Stranded passengers in a railway station in Kolkata, India, in May after trains were canceled because of Cyclone Fani
© Rupak De Chowdhuri/ReutersStranded passengers in a railway station in Kolkata, India, in May after trains were canceled because of Cyclone Fani.

Up to 22m people are estimated to be displaced by the end of the year

A record seven million people were displaced by disasters in the first half of 2019, suggesting that mass displacement due to extreme weather events is "becoming the norm," according to a new report.

The Internal Displacement Monitoring Centre, which uses data from governments, United Nations humanitarian agencies, and media coverage to create its reports, concluded that nearly twice as many people were displaced in the first half of the year by weather events than by conflict and violence. The report was compiled before Hurricane Dorian struck the Bahamas - the numbers affected by that storm are still unclear.

IDMC estimates that the number of new displacements associated with weather events will reach 22m by the end of the year, more than tripling the current number, and making 2019 one of the worst years for climate displacement since records began.

Alexandra Bilak, IDMC's director, said in a press release accompanying the report: "The international community cannot continue to ignore internally displaced people.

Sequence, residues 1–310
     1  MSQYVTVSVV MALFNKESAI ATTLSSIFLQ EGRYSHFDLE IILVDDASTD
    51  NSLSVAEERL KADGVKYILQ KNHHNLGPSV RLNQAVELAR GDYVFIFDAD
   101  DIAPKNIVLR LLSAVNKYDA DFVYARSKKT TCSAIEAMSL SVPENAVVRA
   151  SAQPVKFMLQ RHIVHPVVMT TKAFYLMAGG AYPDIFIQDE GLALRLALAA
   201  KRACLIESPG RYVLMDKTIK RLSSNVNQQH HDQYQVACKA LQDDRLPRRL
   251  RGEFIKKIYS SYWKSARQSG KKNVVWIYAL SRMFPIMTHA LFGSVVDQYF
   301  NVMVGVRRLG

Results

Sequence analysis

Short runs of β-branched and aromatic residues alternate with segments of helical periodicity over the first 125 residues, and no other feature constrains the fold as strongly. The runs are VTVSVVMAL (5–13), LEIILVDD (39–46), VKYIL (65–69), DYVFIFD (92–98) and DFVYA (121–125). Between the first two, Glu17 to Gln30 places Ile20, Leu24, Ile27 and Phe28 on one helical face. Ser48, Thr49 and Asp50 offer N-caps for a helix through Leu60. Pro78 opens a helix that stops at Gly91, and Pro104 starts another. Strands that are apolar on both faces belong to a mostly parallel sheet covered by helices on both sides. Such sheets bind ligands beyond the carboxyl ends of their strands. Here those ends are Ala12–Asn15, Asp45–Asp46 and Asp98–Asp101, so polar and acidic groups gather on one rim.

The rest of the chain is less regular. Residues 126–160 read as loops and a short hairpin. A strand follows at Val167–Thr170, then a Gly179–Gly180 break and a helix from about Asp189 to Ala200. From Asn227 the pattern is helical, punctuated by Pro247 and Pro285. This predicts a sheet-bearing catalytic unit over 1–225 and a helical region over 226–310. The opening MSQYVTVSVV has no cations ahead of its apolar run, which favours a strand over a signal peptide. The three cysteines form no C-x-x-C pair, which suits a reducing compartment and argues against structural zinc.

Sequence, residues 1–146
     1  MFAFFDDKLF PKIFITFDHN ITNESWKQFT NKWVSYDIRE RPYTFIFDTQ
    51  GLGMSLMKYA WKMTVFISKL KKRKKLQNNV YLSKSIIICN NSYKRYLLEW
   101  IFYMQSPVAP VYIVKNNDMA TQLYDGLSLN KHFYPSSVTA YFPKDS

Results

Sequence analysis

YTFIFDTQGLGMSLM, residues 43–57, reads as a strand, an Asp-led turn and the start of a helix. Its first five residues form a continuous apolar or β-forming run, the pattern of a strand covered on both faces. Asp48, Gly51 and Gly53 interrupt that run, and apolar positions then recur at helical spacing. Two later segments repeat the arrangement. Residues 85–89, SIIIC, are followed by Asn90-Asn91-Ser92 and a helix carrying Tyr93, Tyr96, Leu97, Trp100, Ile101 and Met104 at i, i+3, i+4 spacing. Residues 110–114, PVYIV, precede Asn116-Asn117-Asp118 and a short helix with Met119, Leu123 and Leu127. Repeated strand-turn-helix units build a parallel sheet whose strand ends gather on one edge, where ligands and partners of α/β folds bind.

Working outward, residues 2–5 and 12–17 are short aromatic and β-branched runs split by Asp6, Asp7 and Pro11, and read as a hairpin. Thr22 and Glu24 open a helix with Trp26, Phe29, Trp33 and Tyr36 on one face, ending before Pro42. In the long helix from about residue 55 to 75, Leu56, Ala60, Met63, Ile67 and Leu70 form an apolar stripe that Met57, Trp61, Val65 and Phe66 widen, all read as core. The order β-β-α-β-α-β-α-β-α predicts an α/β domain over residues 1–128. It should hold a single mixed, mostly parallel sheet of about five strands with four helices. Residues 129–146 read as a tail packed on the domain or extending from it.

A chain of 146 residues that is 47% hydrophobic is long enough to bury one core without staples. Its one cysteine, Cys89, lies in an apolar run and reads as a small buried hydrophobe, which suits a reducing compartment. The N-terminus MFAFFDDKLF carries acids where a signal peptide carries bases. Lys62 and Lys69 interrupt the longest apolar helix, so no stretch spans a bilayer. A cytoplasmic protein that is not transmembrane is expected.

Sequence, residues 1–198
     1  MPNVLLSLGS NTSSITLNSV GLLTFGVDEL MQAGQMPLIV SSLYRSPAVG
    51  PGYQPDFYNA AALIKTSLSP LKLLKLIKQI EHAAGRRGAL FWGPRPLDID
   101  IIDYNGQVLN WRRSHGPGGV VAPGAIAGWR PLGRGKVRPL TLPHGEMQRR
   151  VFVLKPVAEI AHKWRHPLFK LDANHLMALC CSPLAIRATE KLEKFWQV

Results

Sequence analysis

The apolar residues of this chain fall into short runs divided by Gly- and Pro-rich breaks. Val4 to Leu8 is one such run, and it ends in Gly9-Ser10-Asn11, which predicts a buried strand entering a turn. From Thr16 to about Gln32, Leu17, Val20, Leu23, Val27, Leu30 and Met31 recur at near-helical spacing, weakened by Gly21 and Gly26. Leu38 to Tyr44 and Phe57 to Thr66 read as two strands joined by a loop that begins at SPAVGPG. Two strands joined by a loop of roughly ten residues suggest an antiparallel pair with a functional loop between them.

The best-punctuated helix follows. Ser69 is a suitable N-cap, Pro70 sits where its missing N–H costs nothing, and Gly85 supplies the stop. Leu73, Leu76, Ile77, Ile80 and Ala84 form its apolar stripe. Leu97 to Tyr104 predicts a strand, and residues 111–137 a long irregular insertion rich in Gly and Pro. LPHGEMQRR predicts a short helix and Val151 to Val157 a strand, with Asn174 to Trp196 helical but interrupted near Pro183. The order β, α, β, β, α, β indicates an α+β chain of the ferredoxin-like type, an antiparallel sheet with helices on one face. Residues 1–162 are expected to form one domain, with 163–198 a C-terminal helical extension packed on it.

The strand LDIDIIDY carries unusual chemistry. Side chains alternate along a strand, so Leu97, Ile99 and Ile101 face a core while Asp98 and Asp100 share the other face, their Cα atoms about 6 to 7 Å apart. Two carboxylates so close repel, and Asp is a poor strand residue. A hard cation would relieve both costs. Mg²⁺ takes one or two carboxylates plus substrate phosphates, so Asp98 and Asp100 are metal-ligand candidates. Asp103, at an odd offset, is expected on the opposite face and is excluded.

"We must support national governments in their efforts to protect and assist IDPs, build peace and invest in sustainable development and climate change adaptation. Only then will we be able to reduce the upheaval, trauma and impoverishment that many millions of people suffer each year, and reverse the trends laid out in this report."

The IDMC urged world leaders gathering in New York for the UN's climate action summit to take their statistics into account.

The organisation also pointed to the record displaced triggered by Cyclone Fani in May as "a success story," citing the death toll from the storm - 89 people - as exponentially lower than the 3.4m displacements in India and Bangladesh that the cyclone caused. They hope countries will "learn from the past" and begin to implement pre-emptive evacuations and other lifesaving precautions.

"Many of those displaced suffered losses, but they survived and were able to return to their homes once the storm had passed. Cyclone Idai, by contrast, was responsible for more than 416 fatalities in Mozambique and is likely to lead to longer-lasting displacement and other impacts to people's livelihoods," the report states, referring to a storm that also displaced 617,000 people.

"This underscores the importance of governments having the information, knowledge and capacity they need to take early action to protect communities and make them more resilient to disasters."

Last year in the United States, Hurricane Florence was named as the largest factor in displacing people from their homes. Hurricane Michael, and the Woosley and Camp Fires in California also distinctly ranked. All are still being dealt with in their affected areas.